[460] Factor XIIIa Is a Highly Sensitive Nuclear Marker of Sebaceous Differentiation in Normal and Neoplastic Sebocytes

Lindsey N Clark, Hillary R Elwood, Sara C Shalin, Bruce R Smoller, Jerad M Gardner. University of Arkansas for Medical Sciences, Little Rock, AR

Background: Sebaceous proliferations are commonly encountered cutaneous lesions. Some of these, especially sebaceous carcinoma, can be easily confused with other cutaneous neoplasms, particularly poorly differentiated squamous cell carcinoma. Few useful or specific immunohistochemical markers for sebaceous differentiation are available. We incidentally observed strong nuclear expression in sebaceous glands by Factor XIIIa, and we hypothesized that this antibody may be a useful marker in sebaceous proliferations including sebaceous carcinoma.
Design: Our archive files were searched for sebaceous proliferations including sebaceous hyperplasia, sebaceous adenoma, sebaceoma and sebaceous carcinoma. Immunohistochemistry for Factor XIIIa was performed according to the manufacturer's guidelines. All cases were reviewed by four separate pathologists for accuracy of diagnosis, and the presence and intensity of staining. Immunostaining distribution was scored as diffuse, focal or absent nuclear positivity while intensity was scored as strongly positive, weakly positive or negative. Normal sebaceous glands and/or dermal dendritic cells in each case were used as controls.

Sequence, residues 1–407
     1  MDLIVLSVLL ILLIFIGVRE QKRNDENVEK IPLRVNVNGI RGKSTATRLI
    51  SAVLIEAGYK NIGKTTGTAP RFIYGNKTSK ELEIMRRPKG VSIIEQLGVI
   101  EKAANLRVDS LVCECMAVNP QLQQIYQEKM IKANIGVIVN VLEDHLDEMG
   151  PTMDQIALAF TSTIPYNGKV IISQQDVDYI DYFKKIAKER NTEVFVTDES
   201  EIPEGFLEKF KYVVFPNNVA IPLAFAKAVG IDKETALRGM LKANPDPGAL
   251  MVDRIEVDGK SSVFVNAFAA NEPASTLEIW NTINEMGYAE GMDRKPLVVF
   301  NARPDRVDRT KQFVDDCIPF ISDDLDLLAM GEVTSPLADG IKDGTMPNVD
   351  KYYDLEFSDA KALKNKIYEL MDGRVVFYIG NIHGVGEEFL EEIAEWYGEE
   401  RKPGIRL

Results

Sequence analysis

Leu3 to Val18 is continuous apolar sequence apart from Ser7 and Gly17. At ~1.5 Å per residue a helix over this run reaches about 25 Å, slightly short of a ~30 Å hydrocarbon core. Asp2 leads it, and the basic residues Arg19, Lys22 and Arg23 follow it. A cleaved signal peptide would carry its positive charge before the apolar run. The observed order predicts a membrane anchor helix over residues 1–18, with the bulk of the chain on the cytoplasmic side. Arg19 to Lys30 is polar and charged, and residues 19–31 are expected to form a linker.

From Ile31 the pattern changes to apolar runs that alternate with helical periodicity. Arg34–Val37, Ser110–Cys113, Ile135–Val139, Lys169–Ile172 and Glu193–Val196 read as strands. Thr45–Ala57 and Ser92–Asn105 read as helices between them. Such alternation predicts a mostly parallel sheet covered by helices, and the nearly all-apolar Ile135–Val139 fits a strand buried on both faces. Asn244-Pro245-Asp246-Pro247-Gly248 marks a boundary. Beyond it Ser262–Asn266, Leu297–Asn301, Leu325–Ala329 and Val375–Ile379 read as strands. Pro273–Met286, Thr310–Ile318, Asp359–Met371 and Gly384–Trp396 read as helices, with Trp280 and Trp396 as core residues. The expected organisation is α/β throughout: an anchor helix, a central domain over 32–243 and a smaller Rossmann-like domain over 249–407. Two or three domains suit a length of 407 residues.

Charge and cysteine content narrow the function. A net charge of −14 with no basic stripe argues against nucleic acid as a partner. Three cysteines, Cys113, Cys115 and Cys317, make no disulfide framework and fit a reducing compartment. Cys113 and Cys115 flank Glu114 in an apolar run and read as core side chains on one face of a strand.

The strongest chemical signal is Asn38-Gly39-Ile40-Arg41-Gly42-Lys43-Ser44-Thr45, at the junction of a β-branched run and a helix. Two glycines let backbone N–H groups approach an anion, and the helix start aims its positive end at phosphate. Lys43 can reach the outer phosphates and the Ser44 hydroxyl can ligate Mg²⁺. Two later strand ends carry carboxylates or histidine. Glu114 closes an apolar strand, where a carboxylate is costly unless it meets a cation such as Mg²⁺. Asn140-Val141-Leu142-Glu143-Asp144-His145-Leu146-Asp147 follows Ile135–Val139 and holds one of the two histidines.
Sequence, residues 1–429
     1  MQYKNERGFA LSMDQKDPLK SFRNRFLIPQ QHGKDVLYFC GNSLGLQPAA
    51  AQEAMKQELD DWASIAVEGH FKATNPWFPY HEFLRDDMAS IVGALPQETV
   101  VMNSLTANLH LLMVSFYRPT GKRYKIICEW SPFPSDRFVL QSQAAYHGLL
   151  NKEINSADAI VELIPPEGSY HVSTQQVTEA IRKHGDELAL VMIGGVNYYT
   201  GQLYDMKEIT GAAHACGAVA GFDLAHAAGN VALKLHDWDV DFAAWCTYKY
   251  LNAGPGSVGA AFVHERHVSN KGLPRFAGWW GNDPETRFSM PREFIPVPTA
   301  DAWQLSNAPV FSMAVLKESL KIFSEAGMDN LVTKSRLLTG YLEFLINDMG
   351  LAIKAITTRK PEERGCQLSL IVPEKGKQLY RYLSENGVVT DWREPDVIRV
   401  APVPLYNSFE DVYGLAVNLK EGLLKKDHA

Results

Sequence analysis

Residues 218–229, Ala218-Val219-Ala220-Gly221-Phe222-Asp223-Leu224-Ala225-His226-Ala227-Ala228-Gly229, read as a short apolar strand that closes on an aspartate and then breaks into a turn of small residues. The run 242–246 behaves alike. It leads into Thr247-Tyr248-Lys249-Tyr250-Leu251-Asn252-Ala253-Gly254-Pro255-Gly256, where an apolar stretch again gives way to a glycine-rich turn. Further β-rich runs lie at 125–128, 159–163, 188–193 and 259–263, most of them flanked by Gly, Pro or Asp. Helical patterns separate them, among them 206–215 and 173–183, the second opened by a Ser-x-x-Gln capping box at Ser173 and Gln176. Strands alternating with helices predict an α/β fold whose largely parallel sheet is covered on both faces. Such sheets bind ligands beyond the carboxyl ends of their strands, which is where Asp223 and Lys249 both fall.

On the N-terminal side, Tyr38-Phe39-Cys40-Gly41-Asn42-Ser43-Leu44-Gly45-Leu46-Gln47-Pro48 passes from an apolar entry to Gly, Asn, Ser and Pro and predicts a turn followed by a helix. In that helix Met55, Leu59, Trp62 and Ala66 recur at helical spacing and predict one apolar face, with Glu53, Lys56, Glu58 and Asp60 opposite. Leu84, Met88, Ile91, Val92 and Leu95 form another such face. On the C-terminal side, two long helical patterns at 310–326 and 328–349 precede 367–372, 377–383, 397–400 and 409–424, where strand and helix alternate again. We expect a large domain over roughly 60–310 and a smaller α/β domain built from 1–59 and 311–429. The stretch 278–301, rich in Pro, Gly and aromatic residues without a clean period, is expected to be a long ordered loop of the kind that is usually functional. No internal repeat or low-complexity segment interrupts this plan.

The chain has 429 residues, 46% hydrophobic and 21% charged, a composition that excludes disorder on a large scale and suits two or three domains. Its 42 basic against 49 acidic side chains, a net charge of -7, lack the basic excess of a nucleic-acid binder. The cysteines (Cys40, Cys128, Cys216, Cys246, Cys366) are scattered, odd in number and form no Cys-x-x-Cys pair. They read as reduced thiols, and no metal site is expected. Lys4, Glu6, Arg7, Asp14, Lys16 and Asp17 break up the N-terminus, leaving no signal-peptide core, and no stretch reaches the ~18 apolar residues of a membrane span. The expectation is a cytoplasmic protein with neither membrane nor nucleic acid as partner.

Results: Our series included 27 representative cases of sebaceous proliferation as follows: 7 sebaceous hyperplasias, 8 sebaceous adenomas, 5 sebaceomas, 7 sebaceous carcinomas. Factor XIIIa expression was present in all normal background sebaceous glands and in 100% of sebaceous proliferations with the following scores: sebaceous hyperplasia – 100% strong/diffuse; sebaceous adenoma – 100% strong/diffuse; sebaceoma – 60% strong/diffuse, 20% strong/focal, 20% weak/focal; sebaceous carcinoma – 71% strong/diffuse, 29% strong/focal. Additionally, distribution and intensity of expression seemed to directly correlate with increased maturation of the sebocytes; thus, basaloid cells were typically negative and mature sebocytes were strongly/diffusely positive for Factor XIIIa. A small number (n=6) of poorly differentiated squamous cell carcinomas were also stained for Factor XIIIa; all showed either negative or weak/focal nuclear expression.
Conclusions: We report the novel finding of consistent nuclear expression of Factor XIIIa in normal, hyperplastic, and neoplastic sebocytes. From our pilot series, Factor XIIIa appears to be a highly sensitive marker of sebaceous differentiation. Our preliminary data examining a small number of squamous cell carcinomas suggests Factor XIIIa may have clinical utility as a specific marker to distinguish sebaceous carcinoma from poorly differentiated squamous cell carcinoma.
Category: Dermatopathology

Wednesday, March 6, 2013 9:30 AM

Poster Session V # 65, Wednesday Morning


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